Bishop N. T. Wright: good Christians can deny Christ's resurrection...
Evangelicals tend to go all woozy when they hear a British accent, especially in the pulpit. No doubt it's part of the inferiority complex country cousins face when they meet their city cousin.
This goes a long way to explaining the lack of critical capacity demonstrated by Bishop N. T. Wright's fans. Overawed by the Bishop's learning and vocabulary, the accent pushes it over the top and all things Wright are right.
Well, I envy the British accent as much as the next guy, but I still think we should keep our heads screwed on squarely when it comes to men like Stott, Wenham, Packer, and Wright. Stott's an annihilationist (or universalist depending upon whose testimony you accept); Packer long ago proved he's a better theologian than churchman, opposing Martyn Lloyd-Jones precisely at the point of Lloyd-Jones greatest wisdom--namely his warning of the coming train wreck in the Anglican communion; and Wenham's also gone loosey-goosey on the doctrine of the last things, particularly the doctrine of hell.
Bishop Wright? Well, among other things, Wright's a feminist advocate of women holding office in the church, despite Scripture's clear command that they not do so; he's an equivocator on the consecration of sodomitic bishops in the Anglican communion; and much of his biblical and theological writing builds the case for rapprochement with Rome.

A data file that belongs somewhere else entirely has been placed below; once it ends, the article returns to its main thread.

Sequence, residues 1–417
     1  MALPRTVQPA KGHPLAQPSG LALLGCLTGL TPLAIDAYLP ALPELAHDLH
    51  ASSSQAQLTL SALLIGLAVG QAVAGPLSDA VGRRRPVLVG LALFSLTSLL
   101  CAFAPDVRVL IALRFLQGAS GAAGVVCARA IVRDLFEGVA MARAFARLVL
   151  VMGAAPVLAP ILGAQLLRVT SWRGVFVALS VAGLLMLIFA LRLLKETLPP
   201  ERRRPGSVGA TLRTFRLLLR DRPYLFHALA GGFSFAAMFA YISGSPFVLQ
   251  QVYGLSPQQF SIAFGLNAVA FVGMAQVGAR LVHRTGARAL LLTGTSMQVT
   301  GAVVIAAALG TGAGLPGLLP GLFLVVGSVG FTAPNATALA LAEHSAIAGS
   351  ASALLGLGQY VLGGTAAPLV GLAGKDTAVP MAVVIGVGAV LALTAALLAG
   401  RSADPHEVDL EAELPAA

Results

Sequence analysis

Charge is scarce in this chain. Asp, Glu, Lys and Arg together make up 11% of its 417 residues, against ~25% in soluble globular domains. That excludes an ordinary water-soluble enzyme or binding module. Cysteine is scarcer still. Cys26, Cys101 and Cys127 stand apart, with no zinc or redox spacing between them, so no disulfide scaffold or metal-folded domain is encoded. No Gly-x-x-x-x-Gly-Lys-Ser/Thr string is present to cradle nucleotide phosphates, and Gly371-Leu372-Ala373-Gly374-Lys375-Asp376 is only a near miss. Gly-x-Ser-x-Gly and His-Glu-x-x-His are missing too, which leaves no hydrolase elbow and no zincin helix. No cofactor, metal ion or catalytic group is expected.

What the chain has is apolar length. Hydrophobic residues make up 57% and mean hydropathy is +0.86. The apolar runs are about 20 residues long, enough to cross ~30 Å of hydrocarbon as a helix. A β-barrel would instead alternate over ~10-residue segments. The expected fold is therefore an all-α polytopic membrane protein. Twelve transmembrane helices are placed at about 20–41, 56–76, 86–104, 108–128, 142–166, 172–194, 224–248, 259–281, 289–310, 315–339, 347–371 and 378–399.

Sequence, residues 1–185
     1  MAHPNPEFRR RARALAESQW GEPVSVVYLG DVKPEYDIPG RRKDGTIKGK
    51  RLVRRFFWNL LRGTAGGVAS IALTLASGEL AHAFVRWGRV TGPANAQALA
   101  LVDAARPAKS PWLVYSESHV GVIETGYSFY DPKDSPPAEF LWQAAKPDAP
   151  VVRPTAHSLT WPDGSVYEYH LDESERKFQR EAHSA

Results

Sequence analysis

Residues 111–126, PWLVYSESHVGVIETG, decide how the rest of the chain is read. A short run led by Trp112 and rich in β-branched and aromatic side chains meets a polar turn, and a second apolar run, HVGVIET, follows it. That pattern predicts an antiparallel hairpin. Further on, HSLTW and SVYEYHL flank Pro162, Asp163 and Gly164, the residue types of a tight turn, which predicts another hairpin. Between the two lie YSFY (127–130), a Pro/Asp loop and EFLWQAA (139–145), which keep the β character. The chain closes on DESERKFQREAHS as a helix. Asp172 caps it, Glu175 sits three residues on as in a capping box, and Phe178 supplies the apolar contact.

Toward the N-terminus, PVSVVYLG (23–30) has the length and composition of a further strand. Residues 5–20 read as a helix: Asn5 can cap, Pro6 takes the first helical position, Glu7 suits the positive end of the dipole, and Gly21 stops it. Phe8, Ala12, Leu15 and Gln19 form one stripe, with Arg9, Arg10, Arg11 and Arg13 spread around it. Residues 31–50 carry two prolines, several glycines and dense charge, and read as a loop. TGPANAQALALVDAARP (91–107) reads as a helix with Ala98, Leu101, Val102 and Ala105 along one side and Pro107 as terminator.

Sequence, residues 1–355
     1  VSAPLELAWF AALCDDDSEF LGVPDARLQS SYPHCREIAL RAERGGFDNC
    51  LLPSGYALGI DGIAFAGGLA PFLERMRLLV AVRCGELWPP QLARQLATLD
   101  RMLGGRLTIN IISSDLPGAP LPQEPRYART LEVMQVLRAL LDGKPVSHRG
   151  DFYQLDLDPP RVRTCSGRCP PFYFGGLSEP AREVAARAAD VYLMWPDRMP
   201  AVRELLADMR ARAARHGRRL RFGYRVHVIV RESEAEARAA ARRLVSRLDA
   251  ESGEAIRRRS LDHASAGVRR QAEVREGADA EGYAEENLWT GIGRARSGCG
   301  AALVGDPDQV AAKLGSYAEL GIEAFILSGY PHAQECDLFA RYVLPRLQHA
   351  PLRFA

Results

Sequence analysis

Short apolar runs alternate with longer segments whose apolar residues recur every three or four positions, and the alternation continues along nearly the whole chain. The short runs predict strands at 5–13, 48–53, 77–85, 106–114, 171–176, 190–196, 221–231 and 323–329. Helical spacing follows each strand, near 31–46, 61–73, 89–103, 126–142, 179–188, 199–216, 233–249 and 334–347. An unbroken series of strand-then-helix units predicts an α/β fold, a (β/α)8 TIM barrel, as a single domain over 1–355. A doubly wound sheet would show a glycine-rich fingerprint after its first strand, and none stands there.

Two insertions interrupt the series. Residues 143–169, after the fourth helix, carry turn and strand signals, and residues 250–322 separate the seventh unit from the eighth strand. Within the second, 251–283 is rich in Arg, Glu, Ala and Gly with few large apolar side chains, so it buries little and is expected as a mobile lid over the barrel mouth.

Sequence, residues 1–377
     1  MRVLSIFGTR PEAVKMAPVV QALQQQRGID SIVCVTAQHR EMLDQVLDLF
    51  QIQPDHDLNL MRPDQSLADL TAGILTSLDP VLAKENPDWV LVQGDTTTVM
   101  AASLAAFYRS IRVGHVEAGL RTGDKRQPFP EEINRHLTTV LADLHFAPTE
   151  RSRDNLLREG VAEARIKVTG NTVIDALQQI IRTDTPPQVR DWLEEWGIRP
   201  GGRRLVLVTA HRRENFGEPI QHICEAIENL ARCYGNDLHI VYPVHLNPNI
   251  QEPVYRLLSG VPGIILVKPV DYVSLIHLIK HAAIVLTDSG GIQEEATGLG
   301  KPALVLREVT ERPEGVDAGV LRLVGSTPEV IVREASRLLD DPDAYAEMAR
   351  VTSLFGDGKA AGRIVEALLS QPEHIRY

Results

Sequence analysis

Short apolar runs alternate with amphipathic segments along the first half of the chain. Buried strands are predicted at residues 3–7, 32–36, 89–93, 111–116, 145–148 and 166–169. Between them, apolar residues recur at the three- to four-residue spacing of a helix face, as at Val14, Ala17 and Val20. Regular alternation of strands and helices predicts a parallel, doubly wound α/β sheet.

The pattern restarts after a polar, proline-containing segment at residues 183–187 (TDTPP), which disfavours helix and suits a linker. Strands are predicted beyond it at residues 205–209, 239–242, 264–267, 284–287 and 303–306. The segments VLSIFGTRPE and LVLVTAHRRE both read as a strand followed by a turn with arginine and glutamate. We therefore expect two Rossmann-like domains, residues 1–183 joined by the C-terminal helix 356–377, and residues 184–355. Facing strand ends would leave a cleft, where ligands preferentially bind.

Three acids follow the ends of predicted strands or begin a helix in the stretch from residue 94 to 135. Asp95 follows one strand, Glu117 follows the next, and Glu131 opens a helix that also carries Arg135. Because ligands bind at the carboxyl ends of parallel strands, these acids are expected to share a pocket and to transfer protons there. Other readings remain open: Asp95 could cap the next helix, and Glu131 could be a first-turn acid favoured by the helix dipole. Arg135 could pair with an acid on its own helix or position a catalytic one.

Now we read that Bishop Wright's opposed to the bodily Resurrection of Jesus Christ being a defining doctrine of Christian faith. Wright says...
I have friends who I am quite sure are Christians who do not believe in the bodily resurrection... But the view I take of them--and they know this--is that they are very, very muddled. They would probably return the compliment.
Marcus Borg really does not believe Jesus Christ was bodily raised from the dead. But I know Marcus well: he loves Jesus and believes in him passionately. The philosophical and cultural world he has lived in has made it very, very difficult for him to believe in the bodily resurrection.
I actually think that's a major problem and it affects most of whatever else he does, and I think that it means he has all sorts of flaws as a teacher, but I don't want to say he isn't a Christian.
I do think, however, that churches that lose their grip on the bodily resurrection are in deep trouble and that for healthy Christian life individually and corporately, belief in the bodily resurrection is foundational.
Really, I don't get it: why listen to a Bishop who thinks it's possible to be a good Christian without believing in the bodily Resurrection of Jesus Christ?
And yet... there is that accent.